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Power outages have been one of the downfalls of placing a major headquarter in the city, but the infrastructure is a great advantage to many of these international firms. Since Santo Domingo has privatize and integrated with the US telecommunication system, they have been fortunate to have the benefit of a contemporary telecommunication system.
Incomes in Santo Domingo can vary from extremely rich to extremely poor. Many of the prominent families live in neighborhoods surrounding Avenida John F. Kennedy ("Avenida" = "Avenue") to the north, Avenida 27 de Febrero to the south, Avenida Winston Churchill to the west and Avenida Máximo Gómez to the east. Some other areas that are always expanding and developing are Naco, Arroyo Hondo, Piantini, Paraíso, Bella Vista, Sarasota. Most of the city's less fortunate live outside the center of Santo Domingo, which can be seen by various slums that
Avenida Winston Churchill and 27 de Febrero Avenue are two of the commercial centers of the city. Many malls and shops are located in these two avenues such as, Acropolis Center, Scotiabank, Citibank, Banco BHD, Banco del Progreso, Banreservas,Plaza Central and Plaza Naco. However,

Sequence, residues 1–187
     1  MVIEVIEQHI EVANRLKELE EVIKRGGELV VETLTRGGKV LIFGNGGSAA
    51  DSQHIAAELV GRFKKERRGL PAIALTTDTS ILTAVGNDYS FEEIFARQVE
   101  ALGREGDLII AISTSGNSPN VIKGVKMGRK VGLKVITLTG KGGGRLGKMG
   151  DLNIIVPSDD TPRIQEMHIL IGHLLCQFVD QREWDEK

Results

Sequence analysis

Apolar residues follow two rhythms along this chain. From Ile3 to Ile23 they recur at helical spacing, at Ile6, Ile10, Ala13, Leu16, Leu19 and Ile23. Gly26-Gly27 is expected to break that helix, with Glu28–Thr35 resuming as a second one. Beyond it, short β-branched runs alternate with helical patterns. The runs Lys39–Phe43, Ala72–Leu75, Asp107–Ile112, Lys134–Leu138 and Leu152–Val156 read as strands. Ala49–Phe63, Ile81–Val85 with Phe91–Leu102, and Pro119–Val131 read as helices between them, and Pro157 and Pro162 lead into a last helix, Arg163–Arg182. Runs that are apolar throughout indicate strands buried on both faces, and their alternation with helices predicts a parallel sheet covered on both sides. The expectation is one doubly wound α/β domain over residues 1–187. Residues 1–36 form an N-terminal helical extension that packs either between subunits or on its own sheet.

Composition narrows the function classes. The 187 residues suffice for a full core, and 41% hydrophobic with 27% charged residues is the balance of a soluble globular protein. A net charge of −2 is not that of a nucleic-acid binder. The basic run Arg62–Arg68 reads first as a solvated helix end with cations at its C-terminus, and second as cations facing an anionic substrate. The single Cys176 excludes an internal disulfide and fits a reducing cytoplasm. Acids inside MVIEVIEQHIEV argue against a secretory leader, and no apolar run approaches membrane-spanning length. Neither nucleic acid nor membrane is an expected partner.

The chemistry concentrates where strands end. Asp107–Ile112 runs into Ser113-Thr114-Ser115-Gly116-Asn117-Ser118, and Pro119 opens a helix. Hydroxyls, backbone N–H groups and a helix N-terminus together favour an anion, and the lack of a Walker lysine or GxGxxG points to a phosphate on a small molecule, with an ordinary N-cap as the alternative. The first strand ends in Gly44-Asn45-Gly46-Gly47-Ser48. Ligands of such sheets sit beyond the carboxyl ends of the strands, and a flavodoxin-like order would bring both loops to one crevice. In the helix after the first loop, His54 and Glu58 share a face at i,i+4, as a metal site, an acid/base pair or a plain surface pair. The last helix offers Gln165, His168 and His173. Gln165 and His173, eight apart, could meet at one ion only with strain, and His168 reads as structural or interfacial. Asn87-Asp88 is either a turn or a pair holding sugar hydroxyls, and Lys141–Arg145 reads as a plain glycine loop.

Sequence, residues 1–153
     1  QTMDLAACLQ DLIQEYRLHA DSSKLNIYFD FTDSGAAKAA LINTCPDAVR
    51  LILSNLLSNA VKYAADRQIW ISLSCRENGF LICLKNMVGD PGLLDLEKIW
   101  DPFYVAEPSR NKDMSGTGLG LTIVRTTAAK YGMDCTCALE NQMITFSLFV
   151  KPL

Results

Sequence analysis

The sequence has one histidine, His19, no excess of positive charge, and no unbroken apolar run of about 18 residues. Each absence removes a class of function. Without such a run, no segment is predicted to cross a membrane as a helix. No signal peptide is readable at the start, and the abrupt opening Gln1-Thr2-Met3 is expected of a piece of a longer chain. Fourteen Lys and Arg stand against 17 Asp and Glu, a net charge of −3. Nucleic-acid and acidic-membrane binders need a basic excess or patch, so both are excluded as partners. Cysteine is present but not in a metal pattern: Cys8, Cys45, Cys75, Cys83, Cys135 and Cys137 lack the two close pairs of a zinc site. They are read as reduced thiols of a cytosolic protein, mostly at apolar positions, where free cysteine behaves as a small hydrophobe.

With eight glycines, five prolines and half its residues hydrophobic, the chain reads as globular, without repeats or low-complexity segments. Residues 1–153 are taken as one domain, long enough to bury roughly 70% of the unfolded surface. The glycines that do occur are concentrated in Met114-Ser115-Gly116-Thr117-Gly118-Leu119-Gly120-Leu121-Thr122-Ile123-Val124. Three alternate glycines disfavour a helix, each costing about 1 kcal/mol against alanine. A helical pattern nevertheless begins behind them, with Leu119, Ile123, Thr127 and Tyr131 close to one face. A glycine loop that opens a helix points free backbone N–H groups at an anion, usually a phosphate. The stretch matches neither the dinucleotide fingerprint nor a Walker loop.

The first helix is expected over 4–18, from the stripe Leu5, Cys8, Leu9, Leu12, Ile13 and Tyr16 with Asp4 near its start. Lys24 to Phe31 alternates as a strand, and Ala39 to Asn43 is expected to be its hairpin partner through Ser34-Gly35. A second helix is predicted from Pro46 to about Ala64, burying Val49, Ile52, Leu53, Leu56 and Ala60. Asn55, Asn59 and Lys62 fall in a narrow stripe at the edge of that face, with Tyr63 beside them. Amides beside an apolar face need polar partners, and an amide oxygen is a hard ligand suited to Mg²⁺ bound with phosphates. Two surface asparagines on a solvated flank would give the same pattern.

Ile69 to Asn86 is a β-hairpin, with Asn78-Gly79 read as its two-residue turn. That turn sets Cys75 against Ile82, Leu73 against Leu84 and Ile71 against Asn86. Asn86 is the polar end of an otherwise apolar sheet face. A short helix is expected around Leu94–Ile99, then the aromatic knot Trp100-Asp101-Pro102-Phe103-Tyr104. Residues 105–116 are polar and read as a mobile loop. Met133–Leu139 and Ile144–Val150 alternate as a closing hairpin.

===Government and politics===
Atlanta, Boston, New York, Fort Lauderdale, Miami, Philadelphia, Panama City, San Jose Costa Rica, San Juan Puerto Rico, Havana, Port-au-Prince, Caracas, Paris, Madrid, Frankfurt, Munich and Duesseldorf and surrounding Caribbean islands.
Airfare to Santo Domingo may vary widely depending on season and demand. A round trip ticket
Airfare from most cities in Latin America cost between US$400 and US$1,000 and require layovers in Panama City, Panama (Copa Air) or San Jose, Costa Rica (Taca).
=== By ferry ===
There is ferry service to and from San Juan,
== Get around ==
*'''From the airport''' You can book your airport transfers in advance. Can try Dominican Airport Transfers[http://www.dominicanairporttransfers.com] one of business leaders, you can actually get an instant quote and book online on their automated site but the office is located in the city.
Taxis charge anywhere from US$25 to US$40 for the drive from the airport into Santo Domingo.
Unlike most major metropolitan areas, there are very few roaming taxis in Santo Domingo. In most cases you have to call a dispatcher to have a taxi sent to your location. This isn't a problem and most businesses will gladly call a cab for you. Relatively expensive, usually US$ 4-15 per average trip and possibly more if you use one of the friendly cabs waiting in front of your nice hotel lobby. Again, depending on circumstances, you may find that hiring a cab driver for the day is a good bargain.
Alternatively, go up